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The Rocky Mountain Collegian

The Student News Site of Colorado State University

The Rocky Mountain Collegian

The Student News Site of Colorado State University

The Rocky Mountain Collegian

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The ongoing tattoo prejudice

Many ink-wearers continue to experience tattoo prejudice in larger society. It’s old news, by this point, that employers and many other members of society can be judgmental of those who openly wear their ink. However, Huffington Post reporter Madison Hamilton takes a step further in her article this week as she looks to find the lines between tattoos and more acceptable forms of body modification such as face lifts and boob jobs.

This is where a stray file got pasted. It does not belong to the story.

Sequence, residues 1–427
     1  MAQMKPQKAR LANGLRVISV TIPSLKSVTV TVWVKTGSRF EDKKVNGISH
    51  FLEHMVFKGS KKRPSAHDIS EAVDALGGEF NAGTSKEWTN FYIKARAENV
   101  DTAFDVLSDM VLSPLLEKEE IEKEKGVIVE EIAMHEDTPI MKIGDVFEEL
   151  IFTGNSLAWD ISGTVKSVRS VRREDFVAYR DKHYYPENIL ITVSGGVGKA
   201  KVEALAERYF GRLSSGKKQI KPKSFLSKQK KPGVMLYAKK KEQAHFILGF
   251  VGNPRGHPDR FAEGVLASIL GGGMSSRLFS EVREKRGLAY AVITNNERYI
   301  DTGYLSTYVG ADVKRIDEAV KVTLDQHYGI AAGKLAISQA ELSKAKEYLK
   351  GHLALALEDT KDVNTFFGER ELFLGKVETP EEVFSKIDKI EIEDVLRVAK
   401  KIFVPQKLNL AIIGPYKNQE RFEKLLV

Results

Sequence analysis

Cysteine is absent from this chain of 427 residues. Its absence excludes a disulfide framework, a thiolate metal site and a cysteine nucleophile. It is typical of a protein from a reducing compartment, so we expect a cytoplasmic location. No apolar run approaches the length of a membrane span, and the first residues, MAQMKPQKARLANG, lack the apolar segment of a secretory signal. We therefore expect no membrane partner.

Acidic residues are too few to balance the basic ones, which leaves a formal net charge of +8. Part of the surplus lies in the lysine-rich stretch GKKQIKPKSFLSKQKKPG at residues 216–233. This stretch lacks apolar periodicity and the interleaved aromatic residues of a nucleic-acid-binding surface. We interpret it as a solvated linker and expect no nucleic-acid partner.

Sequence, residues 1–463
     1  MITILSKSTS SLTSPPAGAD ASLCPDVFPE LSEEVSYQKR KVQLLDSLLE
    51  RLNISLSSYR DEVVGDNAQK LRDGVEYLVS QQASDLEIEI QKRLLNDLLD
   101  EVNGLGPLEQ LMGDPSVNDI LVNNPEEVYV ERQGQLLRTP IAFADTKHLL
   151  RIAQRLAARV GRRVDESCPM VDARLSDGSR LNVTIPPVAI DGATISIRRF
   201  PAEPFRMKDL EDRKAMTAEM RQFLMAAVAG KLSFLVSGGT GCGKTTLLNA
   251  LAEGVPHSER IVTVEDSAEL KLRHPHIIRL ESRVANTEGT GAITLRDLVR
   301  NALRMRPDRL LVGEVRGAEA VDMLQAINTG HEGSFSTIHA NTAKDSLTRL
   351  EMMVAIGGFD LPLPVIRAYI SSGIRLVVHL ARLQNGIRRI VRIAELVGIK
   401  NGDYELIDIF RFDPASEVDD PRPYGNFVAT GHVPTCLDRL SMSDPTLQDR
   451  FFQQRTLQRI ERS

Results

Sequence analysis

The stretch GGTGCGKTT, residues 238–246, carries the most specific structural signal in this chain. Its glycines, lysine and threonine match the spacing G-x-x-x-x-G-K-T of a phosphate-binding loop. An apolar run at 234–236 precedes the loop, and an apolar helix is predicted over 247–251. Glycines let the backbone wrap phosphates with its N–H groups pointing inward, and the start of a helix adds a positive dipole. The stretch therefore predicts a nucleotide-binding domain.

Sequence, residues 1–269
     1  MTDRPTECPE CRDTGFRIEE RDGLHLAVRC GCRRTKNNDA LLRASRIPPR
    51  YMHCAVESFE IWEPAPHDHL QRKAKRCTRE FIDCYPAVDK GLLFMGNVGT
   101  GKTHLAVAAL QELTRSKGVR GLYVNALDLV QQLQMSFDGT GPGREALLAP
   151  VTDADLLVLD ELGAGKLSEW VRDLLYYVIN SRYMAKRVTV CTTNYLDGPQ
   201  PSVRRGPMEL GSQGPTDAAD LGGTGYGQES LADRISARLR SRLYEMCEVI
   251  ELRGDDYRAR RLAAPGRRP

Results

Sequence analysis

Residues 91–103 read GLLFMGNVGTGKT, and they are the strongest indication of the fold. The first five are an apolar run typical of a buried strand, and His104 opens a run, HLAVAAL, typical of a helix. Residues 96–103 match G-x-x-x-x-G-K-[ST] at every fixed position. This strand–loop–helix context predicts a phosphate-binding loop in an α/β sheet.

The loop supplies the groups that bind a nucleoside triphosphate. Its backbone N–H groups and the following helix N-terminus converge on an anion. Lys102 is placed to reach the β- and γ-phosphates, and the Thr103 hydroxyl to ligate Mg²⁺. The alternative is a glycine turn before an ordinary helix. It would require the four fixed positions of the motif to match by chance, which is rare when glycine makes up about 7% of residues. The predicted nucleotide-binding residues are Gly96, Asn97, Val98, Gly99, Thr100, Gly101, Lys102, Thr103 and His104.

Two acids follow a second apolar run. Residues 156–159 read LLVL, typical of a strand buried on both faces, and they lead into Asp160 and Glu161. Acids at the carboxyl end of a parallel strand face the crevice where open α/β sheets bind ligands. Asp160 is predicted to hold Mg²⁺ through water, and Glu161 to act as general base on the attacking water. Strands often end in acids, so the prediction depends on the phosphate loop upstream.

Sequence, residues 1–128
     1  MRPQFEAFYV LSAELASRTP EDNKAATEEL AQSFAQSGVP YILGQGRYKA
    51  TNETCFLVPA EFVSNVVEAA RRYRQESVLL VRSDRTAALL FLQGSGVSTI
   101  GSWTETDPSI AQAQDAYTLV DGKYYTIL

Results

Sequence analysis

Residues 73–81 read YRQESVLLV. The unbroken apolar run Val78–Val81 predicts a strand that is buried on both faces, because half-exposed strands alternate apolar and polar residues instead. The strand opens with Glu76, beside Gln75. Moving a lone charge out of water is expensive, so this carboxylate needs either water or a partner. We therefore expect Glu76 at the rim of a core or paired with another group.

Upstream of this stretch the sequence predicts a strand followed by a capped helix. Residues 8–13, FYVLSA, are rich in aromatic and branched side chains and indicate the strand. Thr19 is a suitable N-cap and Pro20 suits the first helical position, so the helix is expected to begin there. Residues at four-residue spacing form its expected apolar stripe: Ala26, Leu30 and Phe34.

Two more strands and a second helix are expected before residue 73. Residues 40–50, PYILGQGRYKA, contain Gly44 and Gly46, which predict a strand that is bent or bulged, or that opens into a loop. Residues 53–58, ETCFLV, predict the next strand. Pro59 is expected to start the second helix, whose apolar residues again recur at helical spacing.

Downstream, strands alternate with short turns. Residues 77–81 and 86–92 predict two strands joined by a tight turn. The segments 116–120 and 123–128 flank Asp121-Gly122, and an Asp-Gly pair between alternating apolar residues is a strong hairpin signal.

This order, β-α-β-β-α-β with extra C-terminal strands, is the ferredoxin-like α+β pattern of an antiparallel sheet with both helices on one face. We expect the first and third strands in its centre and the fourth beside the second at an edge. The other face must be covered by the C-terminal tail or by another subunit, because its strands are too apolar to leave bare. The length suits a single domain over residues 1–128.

According to Hamilton:

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People dye their hair because they want a different look. Some get fluids injected by needles into their foreheads to rid their skin of wrinkles. Others have their lips, noses and entire faces reconstructed. So, why is it that other forms of self-alteration are accepted — and maybe even encouraged — while tattoos are still widely viewed as trashy or gang-related?

The answer to tattoo prejudice, she says, lies in the historical context of tattoos as a sign of gangs or the soldiers during World War II when the tattoos became a symbol of rougher living.

To read more about Hamilton’s analysis of why tattoos are still viewed to be unprofessional click here.

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